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Posts Tagged ‘Expensive’

Cooking Organic Food From Scratch: Not Hard, Not Expensive

About two years ago, I started the Cook for Good experiment as a response to the Food Stamp Challenges so popular that summer. Good people working to end hunger and strengthen sustainable food systems were trying to eat on a dollar a meal … and failing miserably. One congressman in particular formed the chorus for this song. He approached the Food Stamp Challenge in a slap-dash, center-aisle way, with his aides throwing in two-ounce bags of coffee into his cart. When airport security seized his stash of peanut butter and jelly, he was looking at thirty-six hours with nothing but corn meal. He wound up cheating by eating bags of airline peanuts.

Nonsense, I kept thinking. These people must not be cooks. A dollar a meal is tight, but it doesn’t mean you have to pick Cheetoes over carrots. The goal should not be maximum calories but maximum nutrition. But could I really get by on a dollar a meal? Could I enjoy it? One night at dinner, I broached the idea to my husband. Bruce looked only mildly horrified. “You can eat extra if you want,” I said. “I’ll just cook for both of us to that budget.” “No, I’ll do it with you. Might as well see just how hungry we get.” (You can see why I love him.) “Well, at least we’ll lose some weight.”

The Results: Saving Money Leads to other Savings

We did lose weight – about 10 pounds each over a three-month period. But except for the first day, we were never hungry or felt deprived. In fact, we were surprised to find that not only was it possible, but that other good things happened when we did eat so cheaply. We started feeling more energetic after only a week. Our moods improved. Our recycling and trash went down to almost nothing. I learned skills that will help me get through the panic if I ever do have serious money trouble.

The first week was so good that we revised the experiment and continued on for three more months, beginning and ending with a week of $1 meals. For two months we kept under the actual food-stamp allowance in North Carolina, then $1.53 a meal. The final month, we followed the thrifty menu from the previous month but ate nearly all organic, sustainably raised, locally grown foods. Amazingly, those “green” meals averaged just under $2 per person.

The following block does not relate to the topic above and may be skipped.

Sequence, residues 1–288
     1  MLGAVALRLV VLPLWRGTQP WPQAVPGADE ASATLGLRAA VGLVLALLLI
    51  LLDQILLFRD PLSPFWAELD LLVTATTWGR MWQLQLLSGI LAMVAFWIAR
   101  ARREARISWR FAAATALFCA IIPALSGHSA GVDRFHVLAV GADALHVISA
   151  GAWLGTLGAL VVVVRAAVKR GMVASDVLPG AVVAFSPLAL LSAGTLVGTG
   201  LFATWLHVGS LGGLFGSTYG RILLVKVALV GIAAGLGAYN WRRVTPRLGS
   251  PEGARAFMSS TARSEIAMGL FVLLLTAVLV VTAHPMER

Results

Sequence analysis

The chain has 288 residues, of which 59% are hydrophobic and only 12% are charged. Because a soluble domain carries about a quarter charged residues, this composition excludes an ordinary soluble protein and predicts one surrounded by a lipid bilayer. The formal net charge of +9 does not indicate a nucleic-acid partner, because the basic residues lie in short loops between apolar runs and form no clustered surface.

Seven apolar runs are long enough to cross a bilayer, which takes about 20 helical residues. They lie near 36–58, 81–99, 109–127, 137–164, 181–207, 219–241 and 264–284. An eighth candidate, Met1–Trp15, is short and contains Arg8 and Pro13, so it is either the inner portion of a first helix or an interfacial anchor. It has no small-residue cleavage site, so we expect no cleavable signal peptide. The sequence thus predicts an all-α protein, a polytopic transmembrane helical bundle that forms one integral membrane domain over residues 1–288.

I was so excited by the great food, my new-found energy, and my nearly empty recycling bin that I knew I had to share this way of shopping and cooking with others. After another year of cooking, tracking prices, and planning menus, I had it: the Cook for Good plan. It provides menus, recipes, and shopping lists with current prices to help anyone eat well on a budget. Folks at will be most interested in the mostly organic green option, of course.

In June, 2009, the average green Cook for Good meal costs just $1.57 per person. That’s 42 cents less than the food-stamp allowance in North Carolina, where I gather the prices. Even the “cart cost” for the green ingredients comes out to just $1.87 a meal, 11 cents less per meal than the food-stamp allowance in North Carolina. The cart cost shows how much you’d actually have to spend at the grocery store buying everything on the shopping lists, even though you will have some ingredients left over, such as part of a bottle of oil. The regular plan, using conventionally raised food, costs even less at just $1.15 a meal.

Tomorrow, I’ll tell you about a cheap, tasty food that appears in some form nearly every day on the Cook for Good menus and give you an easy recipe too.

Today, let’s talk about what your favorite tip is for cooking healthy food while keeping your budget on a diet. Are you cutting back on meat? Cooking from scratch? Visit us at

It is Not a Good Idea to Buy Gifts That Are Too Expensive to Afford

It is not a good idea to buy gifts that are too expensive to afford :it should be kept in mind that it is not a good idea to buy gifts that are too expensive to afford. The woman who received the gift might not even adorn herself with it if it does not appeal to her. (mental jewelry)

There are many factors to keep in mind before buying jewelry. An important thing to keep in mind is whether the woman is allergic to certain materials, such as gold or silver. If your gift ends up giving her hand a rash, she will not exactly be pleased with it. (tungsten bracelet,ring,pendant)Another important consideration is to buy her something she does not already have. Most women possess plenty of diamonds and pearls, and might be happier if given a different gift such as a ruby or a gemstone. Also, many a times, a diamond ring might make her a lot happier than extensive and expensive costume jewelry.